• The present invention can be practiced, for example, using any of the developments to catalytic gasification technology disclosed in commonly owned US2007/0000177A1, US2007/0083072A1 and US2007/0277437A1; and U.S. patent application Ser. No. 12/178,380 (filed 23 Jul. 2008), Ser. No. 12/234,012 (filed 19 Sep. 2008) and Ser. No. 12/234,018 (filed 19 Sep. 2008). Moreover, the processes of the present invention can be practiced in conjunction with the subject matter of the following U.S. patent applications, each of which was filed on even date herewith: Ser. No. ______, entitled “CONTINUOUS PROCESSES FOR CONVERTING CARBONACEOUS FEEDSTOCK INTO GASEOUS PRODUCTS” (attorney docket no. FN-0018 US NP1); Ser. No. ______, entitled “CATALYTIC GASIFICATION PROCESS WITH RECOVERY OF ALKALI METAL FROM CHAR” (attorney docket no. FN-0007 US NP1); Ser. No. ______, entitled “PETROLEUM COKE COMPOSITIONS FOR CATALYTIC GASIFICATION” (attorney docket no. FN-0008 US NP1); Ser. No. ______, entitled “CARBONACEOUS FUELS AND PROCESSES FOR MAKING AND USING THEM” (attorney docket no. FN-0013 US NP1); Ser. No. ______, entitled “CATALYTIC GASIFICATION PROCESS WITH RECOVERY OF ALKALI METAL FROM CHAR” (attorney docket no. FN-0014 US NP1); Ser. No. ______, entitled “COAL COMPOSITIONS FOR CATALYTIC GASIFICATION” (attorney docket no. FN-0009 US NP1); Ser. No. ______, entitled “PROCESSES FOR MAKING SYNTHESIS GAS AND SYNGAS-DERIVED PRODUCTS” (attorney docket no. FN-0010 US NP1); Ser. No. ______, entitled “CATALYTIC GASIFICATION PROCESS WITH RECOVERY OF ALKALI METAL FROM CHAR” (attorney docket no. FN-0015 US NP1); Ser. No. ______, entitled “CATALYTIC GASIFICATION PROCESS WITH RECOVERY OF ALKALI METAL FROM CHAR” (attorney docket no. FN-0016 US NP1); Ser. No. ______, entitled “STEAM GENERATING SLURRY GASIFIER FOR THE CATALYTIC GASIFICATION OF A CARBONACEOUS FEEDSTOCK” (attorney docket no. FN-0017 US NP1); and Ser. No. ______, entitled “PROCESSES FOR MAKING SYNGAS-DERIVED PRODUCTS” (attorney docket no. FN-0012 US NP1). All of the above are incorporated herein by reference for all purposes as if fully set forth.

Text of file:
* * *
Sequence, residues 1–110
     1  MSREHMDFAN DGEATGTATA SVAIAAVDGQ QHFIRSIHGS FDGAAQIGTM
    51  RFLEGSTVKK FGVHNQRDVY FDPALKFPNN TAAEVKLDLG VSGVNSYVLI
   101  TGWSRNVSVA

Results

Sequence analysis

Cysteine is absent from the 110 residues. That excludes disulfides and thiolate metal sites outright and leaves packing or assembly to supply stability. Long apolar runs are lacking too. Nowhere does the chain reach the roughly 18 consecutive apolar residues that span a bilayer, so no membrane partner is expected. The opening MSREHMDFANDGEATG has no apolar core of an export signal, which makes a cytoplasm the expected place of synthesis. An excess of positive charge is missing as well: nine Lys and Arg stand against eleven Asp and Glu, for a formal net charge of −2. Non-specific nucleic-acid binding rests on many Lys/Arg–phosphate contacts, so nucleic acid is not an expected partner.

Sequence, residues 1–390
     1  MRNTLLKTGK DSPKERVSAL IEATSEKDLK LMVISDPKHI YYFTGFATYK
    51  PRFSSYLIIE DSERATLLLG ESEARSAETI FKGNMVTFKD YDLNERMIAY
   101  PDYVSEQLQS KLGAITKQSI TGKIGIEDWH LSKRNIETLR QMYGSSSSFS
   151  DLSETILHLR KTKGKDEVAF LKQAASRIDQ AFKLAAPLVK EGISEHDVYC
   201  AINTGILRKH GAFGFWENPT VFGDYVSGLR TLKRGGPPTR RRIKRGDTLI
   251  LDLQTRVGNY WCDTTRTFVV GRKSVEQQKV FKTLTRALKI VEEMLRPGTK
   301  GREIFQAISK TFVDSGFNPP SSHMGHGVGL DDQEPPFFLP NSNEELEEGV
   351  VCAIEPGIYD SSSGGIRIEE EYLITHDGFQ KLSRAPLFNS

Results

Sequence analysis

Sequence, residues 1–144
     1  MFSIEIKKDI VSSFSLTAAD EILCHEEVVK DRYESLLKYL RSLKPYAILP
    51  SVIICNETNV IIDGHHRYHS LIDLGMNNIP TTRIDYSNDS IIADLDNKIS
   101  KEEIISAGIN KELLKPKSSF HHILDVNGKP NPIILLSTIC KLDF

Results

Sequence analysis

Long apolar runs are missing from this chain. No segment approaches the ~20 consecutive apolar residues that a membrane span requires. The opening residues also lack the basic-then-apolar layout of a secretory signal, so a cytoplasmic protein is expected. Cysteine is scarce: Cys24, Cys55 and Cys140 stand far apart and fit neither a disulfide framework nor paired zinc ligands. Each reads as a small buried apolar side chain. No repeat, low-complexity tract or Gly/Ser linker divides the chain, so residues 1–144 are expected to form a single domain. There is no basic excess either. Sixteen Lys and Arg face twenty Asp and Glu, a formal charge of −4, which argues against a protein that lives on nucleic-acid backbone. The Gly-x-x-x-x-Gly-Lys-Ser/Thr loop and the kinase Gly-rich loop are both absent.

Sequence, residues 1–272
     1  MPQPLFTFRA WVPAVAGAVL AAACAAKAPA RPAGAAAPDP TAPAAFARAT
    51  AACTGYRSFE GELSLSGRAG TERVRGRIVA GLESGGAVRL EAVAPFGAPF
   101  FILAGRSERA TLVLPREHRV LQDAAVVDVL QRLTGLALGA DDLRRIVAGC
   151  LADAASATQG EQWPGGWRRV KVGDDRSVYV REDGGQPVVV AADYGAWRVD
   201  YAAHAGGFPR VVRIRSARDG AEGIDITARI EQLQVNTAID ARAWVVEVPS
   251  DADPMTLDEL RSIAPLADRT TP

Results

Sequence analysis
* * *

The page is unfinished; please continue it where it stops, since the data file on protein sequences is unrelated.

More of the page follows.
• All publications, patent applications, patents and other references mentioned herein, if not otherwise indicated, are explicitly incorporated by reference herein in their entirety for all purposes as if fully set forth.
  • Unless otherwise defined, all technical and scientific terms used herein have the same meaning as commonly understood by one of ordinary skill in the art to which this invention belongs. In case of conflict, the present specification, including definitions, will control.
  • Except where expressly noted, trademarks are shown in upper case.
  • Although methods and materials similar or equivalent to those described herein can be used in the practice or testing of the present invention, suitable methods and materials are described herein.
  • Unless stated otherwise, all percentages, parts, ratios, etc., are by weight.
  • When an amount, concentration, or other value or parameter is given as a range, or a list of upper and lower values, this is to be understood as specifically disclosing all ranges formed from any pair of any upper and lower range limits, regardless of whether ranges are separately disclosed. Where a range of numerical values is recited herein, unless otherwise stated, the range is intended to include the endpoints thereof, and all integers and fractions within the range. It is not intended that the scope of the present invention be limited to the specific values recited when defining a range.